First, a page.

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What does Thursday’s NBA Draft hold for Murphy, Hauser & Huff?

By Jerry Ratcliffe

trey murphy

Trey Murphy III. Photo courtesy Atlantic Coast Conference.

During my four decades-plus career, I thought I just about seen it all in my coverage of basketball. That is until Trey Murphy III came around.

He was largely ignored by ACC teams coming out of high school as a skinny 6-foot-5 guard. No way he could stay on the floor with the experienced, stronger guards in America’s best basketball conference.

After enrolling at Rice and not having the kind of success he expected, a much taller, stronger Murphy transferred to Virginia with plans on redshirting so that Mike Curtis could build his physical frame and Tony Bennett could build his basketball skills and his confidence.

At 6-9, packing a 7-foot-1 wing span, Murphy realized that he could play with Virginia’s starters, applied to get the transfer eligibility cleared and ended up a star for the Cavaliers.

Thursday night, less than a year from becoming a standout for UVA, Murphy could be hearing his named called as a late lottery pick in the NBA Draft.

As aforementioned, I thought I had seen it all, but I’ve never seen a player transform the way Murphy has in such a short time frame. When he arrived in Charlottesville, he wasn’t mentioned as someone who could be drafted, so he went from an unexpected undrafted player who many thought should return to UVA for another year of seasoning, to a guy who has been whispered as a lottery pick, somewhere as high as top 10.

Some believe the Grizzlies could take him with the 10th pick, some the Spurs at No. 12, others with the Warriors at 14, the Wizards at 15.

The Warriors had him in for a second look this past week.

Why?

He’s a big guy who can spread the floor with his 3-point shooting ability and has enough versatility defensively to guard 1-4. The newest term for that among the NBA crowd is “3&D.”

Murphy accomplished the Holy Grail of major college basketball shooting accuracy this past season for Tony Bennett when he record the “50-40-90” shooting season. He shot 50.3 percent on field goals, 43.3 from 3-point range and 92.7 percent at the free throw line. He made 41.7 percent of his 127 catch-and-shoot attempts from beyond the arc, which makes him an ideal off ball floor spacer. One of the knocks against Murphy is that he’s not a creator, so he may be that guy who lurks outside to hit the open 3-pointers.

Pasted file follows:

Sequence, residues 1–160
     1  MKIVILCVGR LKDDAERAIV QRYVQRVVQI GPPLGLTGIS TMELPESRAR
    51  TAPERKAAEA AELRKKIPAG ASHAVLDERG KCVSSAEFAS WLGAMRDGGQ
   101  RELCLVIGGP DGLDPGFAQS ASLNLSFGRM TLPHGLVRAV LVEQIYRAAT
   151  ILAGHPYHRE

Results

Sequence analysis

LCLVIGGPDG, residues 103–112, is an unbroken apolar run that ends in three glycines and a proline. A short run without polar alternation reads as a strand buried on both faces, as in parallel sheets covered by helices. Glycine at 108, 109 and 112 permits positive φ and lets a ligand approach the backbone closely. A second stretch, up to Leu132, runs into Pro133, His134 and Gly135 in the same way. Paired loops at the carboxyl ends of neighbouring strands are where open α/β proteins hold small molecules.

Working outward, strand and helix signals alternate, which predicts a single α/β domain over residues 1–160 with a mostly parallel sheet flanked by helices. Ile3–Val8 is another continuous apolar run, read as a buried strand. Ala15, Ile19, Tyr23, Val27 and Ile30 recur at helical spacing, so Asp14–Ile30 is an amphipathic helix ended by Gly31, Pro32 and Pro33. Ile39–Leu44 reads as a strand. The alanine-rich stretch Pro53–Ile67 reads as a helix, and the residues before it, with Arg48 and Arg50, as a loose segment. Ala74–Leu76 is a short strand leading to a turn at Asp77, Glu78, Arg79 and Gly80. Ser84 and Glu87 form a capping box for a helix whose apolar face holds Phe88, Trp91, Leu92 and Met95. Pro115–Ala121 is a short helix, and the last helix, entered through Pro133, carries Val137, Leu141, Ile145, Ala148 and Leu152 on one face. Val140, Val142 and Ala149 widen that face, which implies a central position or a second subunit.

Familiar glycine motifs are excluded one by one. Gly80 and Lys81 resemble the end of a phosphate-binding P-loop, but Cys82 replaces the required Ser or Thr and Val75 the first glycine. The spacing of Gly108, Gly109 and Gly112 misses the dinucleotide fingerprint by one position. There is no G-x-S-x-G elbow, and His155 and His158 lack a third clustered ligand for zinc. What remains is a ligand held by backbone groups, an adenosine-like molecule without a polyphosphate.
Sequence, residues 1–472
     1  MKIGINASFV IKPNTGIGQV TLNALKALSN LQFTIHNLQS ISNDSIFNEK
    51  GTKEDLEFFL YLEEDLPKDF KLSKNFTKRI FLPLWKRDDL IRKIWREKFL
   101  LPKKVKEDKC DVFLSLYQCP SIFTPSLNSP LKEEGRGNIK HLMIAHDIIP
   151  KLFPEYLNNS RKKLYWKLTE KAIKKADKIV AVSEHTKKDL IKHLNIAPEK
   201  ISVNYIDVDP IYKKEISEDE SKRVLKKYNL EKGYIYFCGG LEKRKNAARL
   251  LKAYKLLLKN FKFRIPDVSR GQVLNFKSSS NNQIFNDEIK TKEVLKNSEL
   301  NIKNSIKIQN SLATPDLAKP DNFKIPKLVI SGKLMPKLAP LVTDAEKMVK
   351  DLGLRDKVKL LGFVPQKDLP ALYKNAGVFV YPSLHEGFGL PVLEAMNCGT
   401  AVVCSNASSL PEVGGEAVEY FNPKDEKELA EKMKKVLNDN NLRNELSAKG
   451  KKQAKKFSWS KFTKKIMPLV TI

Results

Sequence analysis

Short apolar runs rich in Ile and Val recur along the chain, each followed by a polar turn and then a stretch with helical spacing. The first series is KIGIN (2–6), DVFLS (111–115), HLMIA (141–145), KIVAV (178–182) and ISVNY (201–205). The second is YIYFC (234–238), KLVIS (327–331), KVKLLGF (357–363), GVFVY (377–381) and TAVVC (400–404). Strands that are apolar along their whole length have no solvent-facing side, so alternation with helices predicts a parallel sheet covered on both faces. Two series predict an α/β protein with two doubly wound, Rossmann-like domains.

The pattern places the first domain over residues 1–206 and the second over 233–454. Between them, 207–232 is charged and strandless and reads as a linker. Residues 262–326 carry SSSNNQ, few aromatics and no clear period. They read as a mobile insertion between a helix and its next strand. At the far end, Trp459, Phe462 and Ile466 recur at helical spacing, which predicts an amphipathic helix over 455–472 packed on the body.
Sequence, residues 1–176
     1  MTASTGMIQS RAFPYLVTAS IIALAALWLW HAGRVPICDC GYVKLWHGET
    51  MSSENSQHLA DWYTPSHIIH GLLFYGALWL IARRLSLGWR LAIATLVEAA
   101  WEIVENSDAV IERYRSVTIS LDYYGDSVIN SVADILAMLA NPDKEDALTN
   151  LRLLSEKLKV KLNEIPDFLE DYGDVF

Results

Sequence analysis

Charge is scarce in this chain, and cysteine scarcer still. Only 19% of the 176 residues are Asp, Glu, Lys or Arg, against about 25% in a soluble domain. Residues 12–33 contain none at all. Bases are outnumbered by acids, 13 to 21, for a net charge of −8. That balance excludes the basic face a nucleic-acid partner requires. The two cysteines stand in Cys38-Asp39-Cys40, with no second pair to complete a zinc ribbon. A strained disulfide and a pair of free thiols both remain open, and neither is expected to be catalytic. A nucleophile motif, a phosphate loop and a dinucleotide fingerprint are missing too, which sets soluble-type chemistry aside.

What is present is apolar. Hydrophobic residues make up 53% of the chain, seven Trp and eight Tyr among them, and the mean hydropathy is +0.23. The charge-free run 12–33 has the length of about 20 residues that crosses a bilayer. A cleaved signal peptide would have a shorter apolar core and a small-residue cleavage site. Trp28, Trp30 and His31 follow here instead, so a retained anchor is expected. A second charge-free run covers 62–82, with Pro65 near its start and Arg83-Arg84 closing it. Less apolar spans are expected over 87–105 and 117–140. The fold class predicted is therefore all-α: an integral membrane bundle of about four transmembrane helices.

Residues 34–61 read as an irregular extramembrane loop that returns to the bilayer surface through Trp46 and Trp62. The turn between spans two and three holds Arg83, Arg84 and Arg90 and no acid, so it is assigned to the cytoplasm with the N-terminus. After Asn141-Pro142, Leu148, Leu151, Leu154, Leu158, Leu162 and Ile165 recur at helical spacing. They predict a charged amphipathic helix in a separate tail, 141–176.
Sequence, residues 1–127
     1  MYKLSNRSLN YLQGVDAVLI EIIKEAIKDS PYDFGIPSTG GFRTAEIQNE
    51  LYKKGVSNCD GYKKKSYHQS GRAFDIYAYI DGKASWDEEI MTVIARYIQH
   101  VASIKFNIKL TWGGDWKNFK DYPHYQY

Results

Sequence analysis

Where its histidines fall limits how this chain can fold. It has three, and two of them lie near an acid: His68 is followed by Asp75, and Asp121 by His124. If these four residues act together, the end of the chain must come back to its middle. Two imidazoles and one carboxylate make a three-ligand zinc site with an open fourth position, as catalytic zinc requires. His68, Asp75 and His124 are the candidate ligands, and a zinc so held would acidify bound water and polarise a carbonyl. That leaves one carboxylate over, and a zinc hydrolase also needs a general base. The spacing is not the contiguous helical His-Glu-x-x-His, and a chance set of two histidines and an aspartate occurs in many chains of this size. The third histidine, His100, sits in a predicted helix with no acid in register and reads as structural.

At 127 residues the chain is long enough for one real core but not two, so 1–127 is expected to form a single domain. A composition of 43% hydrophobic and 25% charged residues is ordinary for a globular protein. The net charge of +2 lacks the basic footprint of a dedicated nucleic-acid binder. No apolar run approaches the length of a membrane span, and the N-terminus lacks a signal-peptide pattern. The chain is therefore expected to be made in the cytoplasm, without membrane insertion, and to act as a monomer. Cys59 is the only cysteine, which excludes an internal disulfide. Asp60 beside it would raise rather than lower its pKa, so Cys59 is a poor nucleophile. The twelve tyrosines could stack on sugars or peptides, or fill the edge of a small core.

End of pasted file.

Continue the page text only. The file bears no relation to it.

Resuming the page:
He opened a lot of eyes at the NBA Combine. While he worked under Curtis for a year, he still could use some bulk, which would make him a more effective Stretch 4 if he adds the muscle.

Many consider him the best spot up shooter in the draft, a guy with the ability to play both ends of the floor, can play either forward spot or guard, stuff that every general manager in the NBA is searching for.

Meanwhile, two other UVA players are hoping to get drafted: 6-8 small forward Sam Hauser, who also competed at the NBA Combine; and 7-1 Jay Huff, who was invited to the G-League camp.

Hauser is projected as a second-round choice, while Huff is rated as a possible late second-round choice or an undrafted free agent. He also has the option to return to UVA with an extra year of eligibility granted by the NBA, or to play overseas or the G-League.

Hauser is clearly one of the best outside shooters in this year’s draft, projected as a 3-point specialist. While the knocks on his game is that he has slow feet, which makes it difficult for him to be an average defender, his shooting skills make him a valuable commodity.

At a recent workout for the Indiana Pacers, now coached by former UVA player Rick Carlisle, he was hoping to show that he’s a better defensive player than given credit for, and that he can keep his man in front of him so that Hauser can stay on the floor.

Some believe that if he can’t improve in that area, he will be dominated by NBA level athletes.

Hauser said he developed and matured at Virginia and improved on both sides of the ball, where he was influenced by Bennett. He also said he was proud that he shot 40 percent or higher from the 3-point line in all four years of his college career.

While he worked out for the Pacers, he doesn’t know and hasn’t met former Cavalier Malcolm Brogdon.

Meanwhile, Huff, projected as a borderline second rounder, has worked out for the Washington Wizards. A pick and pop player, who shot 38.7 percent from 3-point range, has great hands for lobs, alley-oops, and is an underrated athlete who thrilled Virginia fans with his ability to fetch lob passes for some spectacular dunks that brought John Paul Jones inhabitants to their feet on many ocassions.

The criticism is that he may not be strong enough to play as a center against more powerful NBA bigs, but that he may not fast enough to play at other spots on the floor. Some believe he could be an effective Stretch 4.

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